HAMILTON, Ontario — The key to beating deadly antibiotic-resistant bacteria may be a toxin coming from a very unlikely source — pneumonia.
The discovery by researchers from McMaster University opens the door to a generation of more effective antibiotics. Estimates predict that 10 million people will die of untreatable infections by 2050 unless more effective drugs are available.
Pseudomonas aeruginosa is a pathogen that causes hospital-acquired infections, including pneumonia. It contains a compound that has evolved to destroy other microbes, including species too strong for normal medication. The crucial aspect of this toxin is its mechanism, according to lead author John Whitney.
“This research is significant, because it shows that the toxin targets essential RNA molecules of other bacteria, effectively rendering them non-functional,” says Whitney, associate professor for the Department of Biochemistry and Biomedical Sciences, in a media release.
“Like humans, bacteria require properly functioning RNA in order to live.”
It has structural similarities to DNA, turning genetic information into proteins.
“It’s a total assault on the cell because of how many essential pathways depend on functional RNAs” adds first study author Nathan Bullen, a graduate student in McMaster’s Department of Biochemistry and Biomedical Sciences.
“This toxin enters its target, hijacks an essential molecule needed for life, and then uses that molecule to disrupt normal processes.”
Superbugs a ‘threat to mankind’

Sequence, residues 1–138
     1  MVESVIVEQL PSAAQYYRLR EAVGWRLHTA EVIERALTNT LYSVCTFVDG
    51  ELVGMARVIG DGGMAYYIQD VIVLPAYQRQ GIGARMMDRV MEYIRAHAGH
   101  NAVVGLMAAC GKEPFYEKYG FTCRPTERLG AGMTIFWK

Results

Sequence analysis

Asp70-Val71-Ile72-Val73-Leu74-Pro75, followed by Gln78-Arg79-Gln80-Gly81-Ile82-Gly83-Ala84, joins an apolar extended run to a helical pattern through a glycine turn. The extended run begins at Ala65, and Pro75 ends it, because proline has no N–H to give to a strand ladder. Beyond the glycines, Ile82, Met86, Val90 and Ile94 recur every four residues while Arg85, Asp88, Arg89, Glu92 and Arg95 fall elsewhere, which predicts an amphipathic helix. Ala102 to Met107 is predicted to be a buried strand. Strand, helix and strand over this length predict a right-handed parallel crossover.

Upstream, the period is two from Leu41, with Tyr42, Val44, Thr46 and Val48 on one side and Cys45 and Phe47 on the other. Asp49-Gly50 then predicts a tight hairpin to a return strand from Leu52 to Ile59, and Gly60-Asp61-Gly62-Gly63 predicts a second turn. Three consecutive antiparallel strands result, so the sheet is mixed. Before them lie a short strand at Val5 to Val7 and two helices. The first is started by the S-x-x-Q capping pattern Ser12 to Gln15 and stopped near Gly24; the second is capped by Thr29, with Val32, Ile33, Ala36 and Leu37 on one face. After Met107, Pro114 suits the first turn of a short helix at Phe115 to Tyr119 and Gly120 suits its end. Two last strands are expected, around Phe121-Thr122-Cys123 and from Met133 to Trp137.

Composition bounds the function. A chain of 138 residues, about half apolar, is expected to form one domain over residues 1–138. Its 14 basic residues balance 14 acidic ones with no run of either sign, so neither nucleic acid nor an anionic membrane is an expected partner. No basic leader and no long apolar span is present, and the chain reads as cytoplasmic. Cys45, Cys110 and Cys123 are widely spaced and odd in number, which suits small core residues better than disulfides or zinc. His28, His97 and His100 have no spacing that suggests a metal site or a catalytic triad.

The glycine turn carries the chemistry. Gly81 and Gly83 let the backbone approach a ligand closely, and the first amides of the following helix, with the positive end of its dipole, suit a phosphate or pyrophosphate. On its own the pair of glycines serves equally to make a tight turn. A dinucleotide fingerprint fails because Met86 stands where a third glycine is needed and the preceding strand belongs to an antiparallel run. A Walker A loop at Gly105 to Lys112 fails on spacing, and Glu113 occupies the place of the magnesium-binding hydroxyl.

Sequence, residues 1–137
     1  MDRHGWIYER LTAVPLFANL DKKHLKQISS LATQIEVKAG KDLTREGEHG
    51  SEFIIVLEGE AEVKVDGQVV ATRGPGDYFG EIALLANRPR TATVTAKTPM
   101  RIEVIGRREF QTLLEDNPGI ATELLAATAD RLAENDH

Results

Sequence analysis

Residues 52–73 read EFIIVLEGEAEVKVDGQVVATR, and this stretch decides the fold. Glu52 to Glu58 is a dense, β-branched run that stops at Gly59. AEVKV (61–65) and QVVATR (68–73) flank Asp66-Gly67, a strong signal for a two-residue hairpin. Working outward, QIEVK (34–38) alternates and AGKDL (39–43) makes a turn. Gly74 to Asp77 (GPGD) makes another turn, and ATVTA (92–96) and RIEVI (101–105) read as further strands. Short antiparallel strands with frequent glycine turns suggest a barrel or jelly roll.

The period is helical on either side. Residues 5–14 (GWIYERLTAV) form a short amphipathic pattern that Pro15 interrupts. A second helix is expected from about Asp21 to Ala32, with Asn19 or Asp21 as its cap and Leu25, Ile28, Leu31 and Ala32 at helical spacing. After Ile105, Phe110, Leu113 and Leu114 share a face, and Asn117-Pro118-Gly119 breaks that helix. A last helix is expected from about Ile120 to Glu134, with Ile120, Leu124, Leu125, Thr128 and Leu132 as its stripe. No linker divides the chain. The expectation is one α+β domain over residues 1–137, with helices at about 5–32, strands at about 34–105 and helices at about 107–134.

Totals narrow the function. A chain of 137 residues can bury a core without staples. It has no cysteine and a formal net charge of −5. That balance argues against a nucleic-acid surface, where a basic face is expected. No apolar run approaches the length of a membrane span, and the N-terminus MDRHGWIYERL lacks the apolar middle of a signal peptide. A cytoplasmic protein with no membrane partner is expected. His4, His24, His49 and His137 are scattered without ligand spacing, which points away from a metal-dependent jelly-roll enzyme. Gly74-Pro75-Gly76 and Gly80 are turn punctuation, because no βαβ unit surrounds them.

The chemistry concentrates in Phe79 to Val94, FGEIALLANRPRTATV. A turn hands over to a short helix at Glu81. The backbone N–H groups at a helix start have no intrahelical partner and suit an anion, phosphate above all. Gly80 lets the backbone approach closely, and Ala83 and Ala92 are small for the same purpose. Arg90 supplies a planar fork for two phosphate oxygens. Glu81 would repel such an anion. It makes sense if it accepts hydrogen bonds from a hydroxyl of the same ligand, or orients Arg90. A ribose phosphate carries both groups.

Researchers identified its three-dimensional shape by examining crystals of the purified toxin under a state-of-the-art scanner at McMaster. The Canadian team have been working with colleagues at Imperial College London for nearly three years to understand exactly how the toxin functions at a molecular level.
Rigorous experimentation on common targets such as proteins and DNA molecules led to testing it against RNA. The breakthrough shatters well-established precedents set by toxins secreted by other bacteria, such as those that cause cholera and diphtheria.
The study, published in the journal Molecular Cell, reveals that it holds great potential for solving the infectious diseases crisis — described by the World Health Organization as “one of the biggest threats to mankind.”
Currently, superbugs cause an estimated 700,000 deaths annually, a figure set to soar almost by nearly 15 times over the next three decades. Over-prescribing medication, people not taking antibiotics properly, and farmers feeding antibiotics to animals are all among the suspects factors which are making medicines weaker.
Part of the problem is the ability of bugs to evolve after exposure to small amounts of antibiotics. They learn how to survive these attacks. The new compound’s “mode” of activity can help future antibiotics, as it kills bacteria in a different way, Prof. Whitney concludes.
South West News Service writer Mark Waghorn contributed to this report.